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T1 - High-resolution records of late Holocene climate change and carbon accumulation in two north-west European ombrotrophic peat bogs

AU - Mauquoy, Dmitri

AU - Engelkes, T.

AU - Groot, M. H. M.

AU - Markesteijn, F.

AU - Oudejans, M. G.

AU - van Der Plicht, J.

AU - Van Geel, B.

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N2 - The peat stratigraphy (plant macrofossils, colorimetric humification, pollen/non-pollen microfossils, carbon/nitrogen ratios) of three replicate cores from a raised peat bog in the UK (Walton Moss) and a single core from a raised peat bog in Denmark (Lille Vildmose) were examined in an attempt to investigate the relation between long-term climate change and changes in species composition of the peat-forming vegetation. Nine wet-shifts identified in the monoliths from Walton Moss and Lille Vildmose mainly occurred during periods of increasing atmospheric C-14 content. Because fluctuations in Holocene atmospheric radiocarbon concentrations have been shown to be due to variations in solar activity, the Little Ice Age (LIA) climatic deteriorations registered in both peat bogs were probably driven by changes in solar activity. Climatic deteriorations in the three replicate cores from Walton Moss are not all consistently registered and may reflect the internal variability in the extent of hollow/lawn/hummock microforms within raised peat-bog ecosystems. The lowest carbon accumulation values for the Walton Moss monoliths between ca. cal AD 1300 and 1800 and between ca. cal AD 1490 and 1580 for Lille Vildmose occurred during the course of LIA climatic deteriorations. Peat-bog primary productivity may have been reduced during the LIA owing to lower spring-summer temperatures and shorter growing seasons for the peat-forming plants. Species-specific higher decomposition rates may have also caused the lower carbon accumulation rates in the peat bogs during the LIA. (C) 2002 Elsevier Science B.V. All rights reserved.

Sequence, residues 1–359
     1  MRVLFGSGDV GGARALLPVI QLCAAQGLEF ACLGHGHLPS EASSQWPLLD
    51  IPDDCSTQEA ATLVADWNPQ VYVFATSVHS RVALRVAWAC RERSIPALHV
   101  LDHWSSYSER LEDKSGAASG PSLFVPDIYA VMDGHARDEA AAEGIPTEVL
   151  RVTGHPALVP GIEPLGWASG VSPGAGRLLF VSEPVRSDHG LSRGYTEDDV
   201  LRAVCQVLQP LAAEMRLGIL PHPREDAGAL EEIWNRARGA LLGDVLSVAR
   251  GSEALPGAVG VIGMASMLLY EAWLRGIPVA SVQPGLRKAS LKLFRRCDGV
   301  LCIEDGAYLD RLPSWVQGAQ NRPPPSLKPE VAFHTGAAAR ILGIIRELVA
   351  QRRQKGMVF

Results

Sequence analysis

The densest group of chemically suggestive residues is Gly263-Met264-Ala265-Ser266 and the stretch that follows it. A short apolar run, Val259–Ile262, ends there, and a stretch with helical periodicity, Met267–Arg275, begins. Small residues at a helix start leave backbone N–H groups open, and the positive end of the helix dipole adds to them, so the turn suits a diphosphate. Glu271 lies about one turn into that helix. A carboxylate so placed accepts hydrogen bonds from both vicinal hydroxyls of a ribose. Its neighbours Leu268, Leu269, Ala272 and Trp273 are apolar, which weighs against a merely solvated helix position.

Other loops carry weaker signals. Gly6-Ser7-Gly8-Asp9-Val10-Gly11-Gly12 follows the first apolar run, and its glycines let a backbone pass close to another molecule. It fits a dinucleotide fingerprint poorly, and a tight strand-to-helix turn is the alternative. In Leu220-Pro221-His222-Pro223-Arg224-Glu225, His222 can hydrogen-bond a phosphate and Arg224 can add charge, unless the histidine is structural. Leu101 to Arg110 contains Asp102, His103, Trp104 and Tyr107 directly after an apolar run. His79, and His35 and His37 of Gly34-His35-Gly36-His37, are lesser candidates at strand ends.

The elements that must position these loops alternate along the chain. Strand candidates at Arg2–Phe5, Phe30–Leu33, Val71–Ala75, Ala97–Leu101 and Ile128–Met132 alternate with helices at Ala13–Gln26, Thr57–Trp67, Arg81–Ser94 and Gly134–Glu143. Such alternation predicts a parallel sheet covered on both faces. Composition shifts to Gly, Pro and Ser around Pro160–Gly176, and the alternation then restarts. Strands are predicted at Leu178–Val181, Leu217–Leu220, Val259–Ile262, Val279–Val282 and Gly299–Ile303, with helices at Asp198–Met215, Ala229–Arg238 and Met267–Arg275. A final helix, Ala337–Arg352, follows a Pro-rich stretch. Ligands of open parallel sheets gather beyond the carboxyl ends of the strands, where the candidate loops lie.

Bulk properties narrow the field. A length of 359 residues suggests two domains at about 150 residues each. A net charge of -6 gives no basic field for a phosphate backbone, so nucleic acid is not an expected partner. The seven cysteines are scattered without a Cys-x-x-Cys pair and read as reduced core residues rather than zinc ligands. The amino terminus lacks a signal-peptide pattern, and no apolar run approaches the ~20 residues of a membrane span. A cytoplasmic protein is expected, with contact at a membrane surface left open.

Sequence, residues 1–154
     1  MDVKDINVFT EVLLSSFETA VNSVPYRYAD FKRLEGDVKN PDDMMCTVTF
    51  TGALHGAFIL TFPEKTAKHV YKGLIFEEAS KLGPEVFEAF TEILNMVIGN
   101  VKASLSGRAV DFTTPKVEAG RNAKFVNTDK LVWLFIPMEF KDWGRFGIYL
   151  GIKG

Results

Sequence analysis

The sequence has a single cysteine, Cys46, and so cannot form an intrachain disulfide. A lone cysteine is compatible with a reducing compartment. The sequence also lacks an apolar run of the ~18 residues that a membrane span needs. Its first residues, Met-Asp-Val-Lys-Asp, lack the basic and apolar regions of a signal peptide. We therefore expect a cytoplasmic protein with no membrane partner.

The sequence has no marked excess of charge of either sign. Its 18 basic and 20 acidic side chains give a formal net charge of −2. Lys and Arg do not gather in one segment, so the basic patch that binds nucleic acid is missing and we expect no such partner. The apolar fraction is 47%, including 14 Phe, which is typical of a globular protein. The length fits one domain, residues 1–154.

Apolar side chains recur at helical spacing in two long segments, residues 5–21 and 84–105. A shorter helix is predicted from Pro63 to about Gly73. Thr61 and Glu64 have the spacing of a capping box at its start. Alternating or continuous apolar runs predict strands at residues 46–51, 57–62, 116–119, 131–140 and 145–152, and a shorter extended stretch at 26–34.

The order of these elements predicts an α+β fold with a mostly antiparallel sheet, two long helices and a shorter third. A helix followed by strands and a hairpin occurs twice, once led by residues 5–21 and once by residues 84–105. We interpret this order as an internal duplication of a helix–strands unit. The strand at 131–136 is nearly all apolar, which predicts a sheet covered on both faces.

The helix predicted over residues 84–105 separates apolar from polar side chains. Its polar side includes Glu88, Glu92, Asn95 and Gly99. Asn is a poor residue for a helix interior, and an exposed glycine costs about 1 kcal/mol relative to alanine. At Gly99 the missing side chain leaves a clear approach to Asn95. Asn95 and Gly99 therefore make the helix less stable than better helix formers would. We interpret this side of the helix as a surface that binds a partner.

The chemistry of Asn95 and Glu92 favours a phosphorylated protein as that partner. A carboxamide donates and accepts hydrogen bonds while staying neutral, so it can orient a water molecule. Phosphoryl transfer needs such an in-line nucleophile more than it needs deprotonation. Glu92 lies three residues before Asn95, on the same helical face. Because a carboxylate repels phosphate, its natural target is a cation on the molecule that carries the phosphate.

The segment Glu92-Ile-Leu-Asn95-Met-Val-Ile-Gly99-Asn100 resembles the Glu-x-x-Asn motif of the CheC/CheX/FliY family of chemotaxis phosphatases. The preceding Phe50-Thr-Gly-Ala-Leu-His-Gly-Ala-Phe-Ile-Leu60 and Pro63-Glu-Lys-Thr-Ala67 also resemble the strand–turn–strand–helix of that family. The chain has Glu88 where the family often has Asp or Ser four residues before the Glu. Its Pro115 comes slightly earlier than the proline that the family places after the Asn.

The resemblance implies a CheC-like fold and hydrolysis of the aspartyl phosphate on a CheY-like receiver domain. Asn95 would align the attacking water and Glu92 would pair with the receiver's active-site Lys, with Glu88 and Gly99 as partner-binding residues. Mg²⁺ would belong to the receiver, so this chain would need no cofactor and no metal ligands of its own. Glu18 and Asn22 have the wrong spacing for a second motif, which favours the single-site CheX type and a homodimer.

AB - The peat stratigraphy (plant macrofossils, colorimetric humification, pollen/non-pollen microfossils, carbon/nitrogen ratios) of three replicate cores from a raised peat bog in the UK (Walton Moss) and a single core from a raised peat bog in Denmark (Lille Vildmose) were examined in an attempt to investigate the relation between long-term climate change and changes in species composition of the peat-forming vegetation. Nine wet-shifts identified in the monoliths from Walton Moss and Lille Vildmose mainly occurred during periods of increasing atmospheric C-14 content. Because fluctuations in Holocene atmospheric radiocarbon concentrations have been shown to be due to variations in solar activity, the Little Ice Age (LIA) climatic deteriorations registered in both peat bogs were probably driven by changes in solar activity. Climatic deteriorations in the three replicate cores from Walton Moss are not all consistently registered and may reflect the internal variability in the extent of hollow/lawn/hummock microforms within raised peat-bog ecosystems. The lowest carbon accumulation values for the Walton Moss monoliths between ca. cal AD 1300 and 1800 and between ca. cal AD 1490 and 1580 for Lille Vildmose occurred during the course of LIA climatic deteriorations. Peat-bog primary productivity may have been reduced during the LIA owing to lower spring-summer temperatures and shorter growing seasons for the peat-forming plants. Species-specific higher decomposition rates may have also caused the lower carbon accumulation rates in the peat bogs during the LIA. (C) 2002 Elsevier Science B.V. All rights reserved.

KW - solar forcing

KW - C-14 AMS wiggle-match dating

KW - Little Ice Age

KW - Sphagnum

KW - carbon accumulation

KW - raised mire

KW - ATMOSPHERIC C-14

KW - RAISED BOGS

KW - ICE CORE

KW - LAST MILLENNIUM

KW - MAUNDER MINIMUM

KW - SOLAR

KW - VARIABILITY

KW - TEMPERATURE

KW - NETHERLANDS

KW - ENGLAND

U2 - 10.1016/S0031-0182(02)00513-8

DO - 10.1016/S0031-0182(02)00513-8

M3 - Article

VL - 186

SP - 275

EP - 310

JO - Palaeogeography Palaeoclimatology Palaeoecology

JF - Palaeogeography Palaeoclimatology Palaeoecology

SN - 0031-0182

ER -